With plenty of confusion out there about Capital Metro finances, staff gave the Board an update at yesterday’s meeting. The Board also received a favorable annual financial audit from an independent auditor, as one of the required elements of the agency’s FY2008 Certified Annual Financial Report. Learn a bit more about both the audit and the budget presentation here.
In Fact Daily posted the following story about our finances this morning:
McCracken, Cowman defend Cap Metro decisions
By Kimberly Reeves
In Fact Daily
Board members Council Member Brewster McCracken and Leander Mayor John Cowman went out of their way to defend the financial decisions of the regional transit agency yesterday, saying Capital Metro was being prudent and responsive to unanticipated problems of dropping revenue and rising expenditures.
Much of the talk was a response to a recent article by transportation reporter Ben Wear in the Austin American Statesman, which accused the agency of going on a capital spending spree on rail lines and park-and-ride lots that depleted the transit agency’s reserves. At yesterday’s meeting, agency officials vigorously refuted implications the agency had been less than prudent with its expenditures, saying it had met all its obligations and payments.
While Wear wrote the agency owed various local jurisdictions up to $110 million, officials insisted the transit agency is current with its fiscal obligations. Capital spending was, as Wear wrote, upwards of $300 million over five years, but sales tax revenue for that same time period was $783 million, the agency’s financial staff noted in a pre-board meeting briefing.
Agency officials were so firmly committed to their numbers – and that recent dips in reserves were do to unexpected bumps in the economy that the agency had and would continue to deal with – that officials said the agency was open to a state audit and had requested a review by the State Auditor’s Office.
During yesterday afternoon’s board meeting, McCracken offered his own soliloquy about the solvency of the transit agency, saying capital project expenditures now were funded separately from the recent growth in operating costs the agency had faced. The agency was not caught flat-footed, McCracken said. Instead, agency staff had constantly hammered at the need for operating budget restraint.
In 13 months, Capital Metro saw unprecedented fuel costs growth, from $11 million to $27 million, McCracken said. Among transit agencies, Cap Metro had seen some of the lowest fare box recovery and the lowest fare prices in the state. The decision to stop Build Greater Austin – given the growing operating expenses — was a tough but wise decision. And the board had finally taken a hard, but critical, vote on fare increases in an effort to address the rising operational costs.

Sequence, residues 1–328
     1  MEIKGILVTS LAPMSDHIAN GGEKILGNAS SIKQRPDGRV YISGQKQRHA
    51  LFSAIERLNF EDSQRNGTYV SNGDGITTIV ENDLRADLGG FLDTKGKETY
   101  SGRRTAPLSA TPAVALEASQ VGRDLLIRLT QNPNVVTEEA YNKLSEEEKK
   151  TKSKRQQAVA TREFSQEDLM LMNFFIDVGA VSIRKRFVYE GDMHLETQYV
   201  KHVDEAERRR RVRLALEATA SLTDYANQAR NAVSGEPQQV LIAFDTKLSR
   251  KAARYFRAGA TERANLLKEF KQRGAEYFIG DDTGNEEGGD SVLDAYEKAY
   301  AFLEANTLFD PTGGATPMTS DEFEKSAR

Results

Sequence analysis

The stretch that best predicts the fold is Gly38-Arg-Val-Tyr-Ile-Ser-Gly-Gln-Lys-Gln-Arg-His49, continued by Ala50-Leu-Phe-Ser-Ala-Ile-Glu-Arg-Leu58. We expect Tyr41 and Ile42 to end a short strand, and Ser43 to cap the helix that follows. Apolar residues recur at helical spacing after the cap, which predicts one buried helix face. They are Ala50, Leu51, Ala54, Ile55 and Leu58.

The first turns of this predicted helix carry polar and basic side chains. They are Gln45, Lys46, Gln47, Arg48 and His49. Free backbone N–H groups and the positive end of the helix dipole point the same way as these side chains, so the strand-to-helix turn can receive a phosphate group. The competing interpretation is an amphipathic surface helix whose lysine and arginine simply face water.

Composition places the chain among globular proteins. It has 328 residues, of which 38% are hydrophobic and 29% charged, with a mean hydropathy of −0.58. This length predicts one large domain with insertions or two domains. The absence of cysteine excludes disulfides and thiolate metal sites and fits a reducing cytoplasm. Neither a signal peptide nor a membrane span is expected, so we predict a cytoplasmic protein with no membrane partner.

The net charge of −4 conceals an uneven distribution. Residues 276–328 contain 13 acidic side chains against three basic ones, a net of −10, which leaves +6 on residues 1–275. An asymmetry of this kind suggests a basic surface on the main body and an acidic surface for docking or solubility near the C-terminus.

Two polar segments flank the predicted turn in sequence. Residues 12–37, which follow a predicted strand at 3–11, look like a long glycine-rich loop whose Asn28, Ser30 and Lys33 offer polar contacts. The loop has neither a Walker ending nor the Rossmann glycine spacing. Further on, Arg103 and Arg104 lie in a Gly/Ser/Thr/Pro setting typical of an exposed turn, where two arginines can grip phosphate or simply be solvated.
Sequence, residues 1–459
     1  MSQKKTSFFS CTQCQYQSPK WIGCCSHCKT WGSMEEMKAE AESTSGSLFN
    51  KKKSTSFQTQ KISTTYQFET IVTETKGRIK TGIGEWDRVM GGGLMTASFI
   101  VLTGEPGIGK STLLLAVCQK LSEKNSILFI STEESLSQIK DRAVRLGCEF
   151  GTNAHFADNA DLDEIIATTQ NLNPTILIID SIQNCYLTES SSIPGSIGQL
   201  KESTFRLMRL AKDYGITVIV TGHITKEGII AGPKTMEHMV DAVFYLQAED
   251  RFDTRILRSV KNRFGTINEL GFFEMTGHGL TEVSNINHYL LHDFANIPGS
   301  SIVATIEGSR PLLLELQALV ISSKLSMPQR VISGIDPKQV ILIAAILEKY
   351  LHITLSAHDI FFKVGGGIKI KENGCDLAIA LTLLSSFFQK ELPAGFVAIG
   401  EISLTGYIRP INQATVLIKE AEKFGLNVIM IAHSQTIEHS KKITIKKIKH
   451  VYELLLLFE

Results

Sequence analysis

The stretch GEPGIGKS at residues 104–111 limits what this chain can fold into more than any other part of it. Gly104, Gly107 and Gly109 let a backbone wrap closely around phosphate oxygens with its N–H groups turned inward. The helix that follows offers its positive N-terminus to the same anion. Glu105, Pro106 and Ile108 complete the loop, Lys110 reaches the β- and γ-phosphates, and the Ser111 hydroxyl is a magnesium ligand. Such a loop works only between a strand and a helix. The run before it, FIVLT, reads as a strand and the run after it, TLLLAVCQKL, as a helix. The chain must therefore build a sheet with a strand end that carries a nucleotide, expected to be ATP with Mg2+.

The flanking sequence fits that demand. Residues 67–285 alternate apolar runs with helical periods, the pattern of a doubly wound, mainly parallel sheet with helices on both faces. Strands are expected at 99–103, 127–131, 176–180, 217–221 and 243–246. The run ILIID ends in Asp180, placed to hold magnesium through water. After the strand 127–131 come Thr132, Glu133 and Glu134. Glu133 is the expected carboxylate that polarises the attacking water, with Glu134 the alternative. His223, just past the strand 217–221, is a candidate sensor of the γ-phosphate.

Yesterday, Capital Metro announced a voluntary buyout program for agency employees as a potential cost-savings measure. Talking to a television crew outside the meeting, Cowman said he continued to be a proud member of the board of Capital Metro, a board that continued to be fiscally prudent.
“We have to make some tough decisions,” Cowman said. “We’re all facing shortfalls, all over the United States. We look for solutions. We accomplish those solutions. We’re a solution-based company.”
As sales tax and ridership goes down, the transit agency would make adjustments, McCracken said. That’s the only way to respond to tough economic times. And although the local union presented the board with a petition at its last meeting to remove CEO Fred Gilliam, after yesterday’s board meeting Cowman expressed continued confidence in Cap Metro’s top leader, saying that Gilliam had done – and continued to do – an excellent job for the agency.
In his comments, McCracken implied recent changes in the agency’s financial team were necessary for the agency to move forward. The improvement of the financial team, under the current leadership, had improved dramatically. The agency also had worked to create a separate capital budget so that operating expenses and the agency’s capital budget could be kept in perspective.
“That’s what happens when operating expenses increase faster than revenues,” McCracken said. “We started to lose our capital reserves. We had to cancel bus purchase orders. With the creation of a capital budget, we’re able to prevent the total erosion of our capital expenses before operating expenses eats it all up.”
Capital Metro also had been through a thorough peer review process from CAMPO with favorable results, McCracken said. That was like having a tough physical, twice over, to try to diagnose any problems with the agency. McCracken said he was confident the agency would implement many of the changes recommended by CAMPO in the coming months. Still, people are critical about Cap Metro right now.
“We get criticized – and people get mad at us – for spending money on a rail system after they told us to build it. Can you imagine what it would be like if they had told us to build it and we hadn’t spent the money?” McCracken asked his colleagues. “It’s hard to do something like a new rail system… Are we going to have to make some significant and important financial reforms into the future? Definitely.”
Cowman, who says rail service has strong support in the north, also bristled a bit at newspaper accounts over the weekend that said the start of MetroRail service was postponed indefinitely. Indefinitely implies no particular start date, Cowman said. There will be a start date for MetroRail, and it will be soon, Cowman said.
Work on the rail lines would be complete next week, Cowman said. While MetroRail faced a delay due to operator problems – the reason for the recent postponement – that problem would be resolved. It’s a positive thing that Capital Metro has caught a problem in advance and addressed it, not a negative thing, Cowman said.